There were 19 participants; 5 were youth with T1DM and the rest were parents of youth with T1DM, including the parents of the 5 youth who participated. Focus groups ranged in size from 2 to 6 participants. Four of the parents in the focus groups reported that their child had previously experienced DKA. The youth who attended the first urban focus group had two previous cases of DKA. One episode of DKA was due to an illness (gastroenteritis), which led the family to deviate from their regular diabetes management. The cause of the other episode was undetermined and happened while as a child and she was in the care of her grandmother. The unpleasantness of the experience of DKA and being treated in hospital for it was referred to throughout the focus group. In the second urban focus group, participants had experienced two cases which occurred at diagnosis of T1DM and another case related to another illness. None of the participants in the rural focus groups had experienced DKA. Additonal file 1: Table S1 details the location (i.e., whether urban or rural), date and compositions of the four focus groups as well as the gender of the youth participants and the number of cases of DKA discussed in the focus group and the cause identified for the resulting DKA. To help ensure confidentiality, the names of the communities in which the focus groups were held has been suppressed.
Within all four focus groups, participants identified a number of barriers to the management of their or their child’s diabetes and to the prevention of DKA. In this section, we discuss the main barriers identified.
Difficulty identifying cases of DKA
A key barrier discussed in every focus group was that it is difficult to tell the difference between cases of DKA and other types of illness. (“My daughter was sick and it was just like stomach flu sick, and how do you tell the difference?”—a mother of child who had an episode of DKA, 2nd urban focus group.) (“Because high blood sugars can be when they are sick, it is normal to have high blood sugar. So how do you tell the difference?”—mother, 2nd urban focus group.) Some participants said that they only felt able to clearly recognize the symptoms of DKA after it happened to their child. (“Once they experience it for the first time… once they experience those symptoms themselves physically, then they can, they’re more aware of it”—father, 1st rural focus group.) The issue of difficulty in identifying cases of DKA also extended to the recognition that it is even difficult for trained medical staff to identify cases. (“She [my child] went to DKA in emergency. She wasn’t brought in because she was in DKA. But while she was there… so she was actually in the care of medical staff. I mean we had no idea, we never experienced it before… [we] assumed that the medical staff would have known that this process was happening”—mother, 2nd urban focus group.) But parents also said that concerns about recognizing cases of DKA may get easier as children get older and be less of an issue for youth. (“I think maybe with younger children it’s harder, but… in adolescent or teenagers, they kind of, they know what’s coming on and kinda of can tell people”—mother, 1st urban focus group.)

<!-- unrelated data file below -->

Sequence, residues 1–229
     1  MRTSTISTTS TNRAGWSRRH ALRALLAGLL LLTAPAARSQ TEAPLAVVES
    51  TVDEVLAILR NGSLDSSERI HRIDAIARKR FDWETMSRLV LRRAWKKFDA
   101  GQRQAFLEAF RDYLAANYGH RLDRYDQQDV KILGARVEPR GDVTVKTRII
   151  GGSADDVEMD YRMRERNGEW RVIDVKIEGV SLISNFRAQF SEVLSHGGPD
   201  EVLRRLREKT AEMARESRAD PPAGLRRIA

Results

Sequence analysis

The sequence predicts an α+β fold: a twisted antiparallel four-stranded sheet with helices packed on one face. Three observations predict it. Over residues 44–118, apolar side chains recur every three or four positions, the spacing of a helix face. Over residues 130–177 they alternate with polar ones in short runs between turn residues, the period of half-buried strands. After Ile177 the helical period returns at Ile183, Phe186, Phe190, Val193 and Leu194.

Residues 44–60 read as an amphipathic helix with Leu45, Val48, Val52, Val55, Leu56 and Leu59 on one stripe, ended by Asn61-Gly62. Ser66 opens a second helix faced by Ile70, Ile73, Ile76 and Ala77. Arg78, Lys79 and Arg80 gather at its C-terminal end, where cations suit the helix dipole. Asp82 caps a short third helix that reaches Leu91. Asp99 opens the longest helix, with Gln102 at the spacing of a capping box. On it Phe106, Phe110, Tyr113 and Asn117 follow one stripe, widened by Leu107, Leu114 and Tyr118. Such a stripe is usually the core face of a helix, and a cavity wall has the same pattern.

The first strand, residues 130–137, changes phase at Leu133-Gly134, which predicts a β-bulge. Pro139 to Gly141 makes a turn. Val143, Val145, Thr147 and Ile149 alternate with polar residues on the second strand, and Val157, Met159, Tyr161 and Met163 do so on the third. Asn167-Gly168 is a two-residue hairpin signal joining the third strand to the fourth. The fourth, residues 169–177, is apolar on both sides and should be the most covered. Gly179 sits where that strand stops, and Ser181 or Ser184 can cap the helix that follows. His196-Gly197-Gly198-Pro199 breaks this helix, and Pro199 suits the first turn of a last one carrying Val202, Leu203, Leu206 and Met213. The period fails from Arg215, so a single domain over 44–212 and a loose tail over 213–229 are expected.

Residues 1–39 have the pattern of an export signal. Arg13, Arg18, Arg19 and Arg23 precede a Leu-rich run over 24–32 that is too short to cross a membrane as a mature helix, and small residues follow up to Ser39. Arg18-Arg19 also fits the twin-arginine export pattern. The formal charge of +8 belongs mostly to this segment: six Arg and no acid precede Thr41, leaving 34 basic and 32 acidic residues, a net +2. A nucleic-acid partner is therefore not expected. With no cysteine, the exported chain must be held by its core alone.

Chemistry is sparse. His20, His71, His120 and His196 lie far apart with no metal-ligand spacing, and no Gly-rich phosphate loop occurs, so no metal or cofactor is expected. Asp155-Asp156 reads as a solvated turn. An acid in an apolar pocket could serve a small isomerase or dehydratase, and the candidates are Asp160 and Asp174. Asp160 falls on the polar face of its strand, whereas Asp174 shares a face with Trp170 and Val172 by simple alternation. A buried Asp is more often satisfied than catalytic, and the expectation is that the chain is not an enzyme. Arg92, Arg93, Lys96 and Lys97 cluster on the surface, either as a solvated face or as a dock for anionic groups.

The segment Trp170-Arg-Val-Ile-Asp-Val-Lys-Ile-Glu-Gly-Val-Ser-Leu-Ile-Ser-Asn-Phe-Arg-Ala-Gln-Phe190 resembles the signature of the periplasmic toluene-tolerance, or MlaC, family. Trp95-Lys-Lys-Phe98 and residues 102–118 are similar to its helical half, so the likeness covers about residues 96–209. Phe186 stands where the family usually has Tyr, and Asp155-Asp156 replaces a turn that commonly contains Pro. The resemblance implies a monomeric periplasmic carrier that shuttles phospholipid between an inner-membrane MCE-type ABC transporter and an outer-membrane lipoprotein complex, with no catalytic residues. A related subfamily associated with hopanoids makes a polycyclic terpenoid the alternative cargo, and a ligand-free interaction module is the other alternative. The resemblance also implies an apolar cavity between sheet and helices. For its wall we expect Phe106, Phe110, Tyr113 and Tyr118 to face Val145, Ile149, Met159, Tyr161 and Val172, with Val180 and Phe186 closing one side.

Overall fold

Variation in diabetes education
Another key theme which was discussed in all of the focus groups was that there was a good deal of variation in the level of education families received about DKA at the time of diagnosis and after. For two participants, their child experienced DKA during the initial presentation of diabetes. These families did receive detailed information about DKA from their child’s health care team. One of the other participants who had experienced DKA said that they had not been well-informed about it or how to prevent it, or had forgotten this information, before their child experienced DKA. (“She was admitted and they brought us up a test kit and they brought us up needles and showed us how to do this and how to do that, but they never said anything about DKA, absolutely nothing”—mother, 1st urban focus group.) Other people said that they did receive a good deal of information about diabetes and DKA at first diagnosis. (“Initially when we first went into the [hospital] and through the week of training and stuff, any sugar over 14, we were advised to double check for ketones”—father, 2nd rural focus group.) Other participants did not feel that they received sufficient information. (“I didn’t get much information back then. My son is thirteen now and he was diagnosed when he was 21-months and all that I remember we went through the whole week of training and met with the dietician, the doctor and what have you and I just came out of there with a little tiny kit, few brochures and I just went home and googled everything”—mother, 2nd urban focus group.) ([The medical staff] “were so busy that I didn’t find that we got all the information” father, 2nd urban focus group.) Many participants who had never experienced DKA said that the only DKA specific education they had received was at their child’s initial diagnosis. Other participants said that the information they received about DKA was contained within “big old binder” (youth, 2nd rural focus group) filled with information on living with and managing T1DM or “some pamphlets” (father, 2nd rural focus group). Differences in the geographic location where people were initially diagnosed also appeared to play a role in the education received. (“I don’t know what the rate of DKA in the Ottawa was at that time… we went to clinic every 3 months just as we do here and, but I mean, still no, no discussion of DKA”—mother, 1st urban focus group.) Some said that it was not until they had face-to-face sessions with a diabetes educator or pediatrician on the topic, well after their initial diagnosis, that they retained information about DKA. None of the youth participants reported receiving any DKA-specific education since their initial diagnosis.